Who: James Monroe
What: 5th President of the United States, last president to have been a Founding Father
Where: Born Monroe Hall, Virginia; died New York City, New York
Why: Presided over the First Seminole War, the Missouri Compromise and the Monroe Doctrine and America’s first economic depression
When: Born April 28, 1758; died July 4, 1831
“Our country may be likened to a new house. We lack many things, but we possess the most precious of all – liberty!” – James Monroe
James Monroe, the last of the ‘Virginia dynasty’ presidents, was born into the planter class in 1758. He joined the College of St William and Mary, but dropped out and enlisted in the Continental Army. Although Andrew Jackson served as a courier at thirteen, Monroe is regarded as the last presidential Revolutionary War veteran, having seen combat serving under George Washington. He eventually rose to the rank of major, and joined the Continental Congress in 1783, leaving to practise law. He became a senator, Minister to France and Governor of Virginia, and in 1803 was sent to negotiate the Louisiana Purchase. He became minister to Britain and served as James Madison’s Secretary of State and Secretary of War. His election in 1816 proved fatal for the ailing Federalist Party, and his re-election in 1820 was effectively unopposed.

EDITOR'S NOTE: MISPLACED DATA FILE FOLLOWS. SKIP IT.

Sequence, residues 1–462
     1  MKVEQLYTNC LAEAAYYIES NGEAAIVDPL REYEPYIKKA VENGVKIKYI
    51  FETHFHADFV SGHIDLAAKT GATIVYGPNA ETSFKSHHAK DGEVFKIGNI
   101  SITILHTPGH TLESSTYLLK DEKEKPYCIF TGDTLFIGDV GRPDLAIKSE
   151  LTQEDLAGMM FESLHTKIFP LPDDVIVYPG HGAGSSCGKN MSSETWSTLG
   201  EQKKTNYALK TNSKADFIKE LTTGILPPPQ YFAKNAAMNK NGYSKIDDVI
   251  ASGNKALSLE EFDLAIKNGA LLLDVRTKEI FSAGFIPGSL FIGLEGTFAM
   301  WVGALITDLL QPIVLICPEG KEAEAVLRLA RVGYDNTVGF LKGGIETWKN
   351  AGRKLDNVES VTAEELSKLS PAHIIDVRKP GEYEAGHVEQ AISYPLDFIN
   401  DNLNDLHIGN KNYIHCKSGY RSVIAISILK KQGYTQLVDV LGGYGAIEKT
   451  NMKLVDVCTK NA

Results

While president, he sent General Andrew Jackson to suppress Seminole Indians in Florida. Jackson effectively invaded the weakly held Spanish Florida, and Monroe pressured Spain to sell Florida to the U.S. He created the Missouri Compromise in an attempt to alleviate the fractious issue of slavery; he allowed Missouri to enter the Union as a slave state so long as Maine entered it free. The Compromise also prohibited slavery’s expansion north of the parallel 36⁰30’. Monroe is most famous for his Monroe Doctrine, declaring that the U.S. would resist any European intervention and colonization in the Americas, and in return would stay neutral in European wars. This set the precedent for America’s isolationist foreign policy that would last for nearly a century.
Fun facts about James Monroe
Monroe crossed the Delaware with George Washington and is featured as the man holding the flag in Emanuel Gottlieb Leutze’s famous painting Washington Crossing the Delaware – though he had crossed earlier with Washington’s cousin, William.
He was also seriously wounded at the Battle of Trenton, when a musket ball struck him in the left shoulder, severing an artery. A young volunteer doctor, John Riker, clamped the artery, saving his life. He is shown lying wounded in John Trumbull’s painting Capture of the Hessians at the Battle of Trenton, just left of center.
He never completed his degree, but instead studied law under Thomas Jefferson.
Monroe initially opposed the Constitution, favouring states’ rights, but relented when the Bill of Rights was included.
Monroe is the third President to have died on July 4, after Thomas Jefferson and John Adams.
Monroe was the last president never to have been photographed in his lifetime.
His daughter Maria married her father’s private secretary in 1820, the first presidential child to marry in the White House.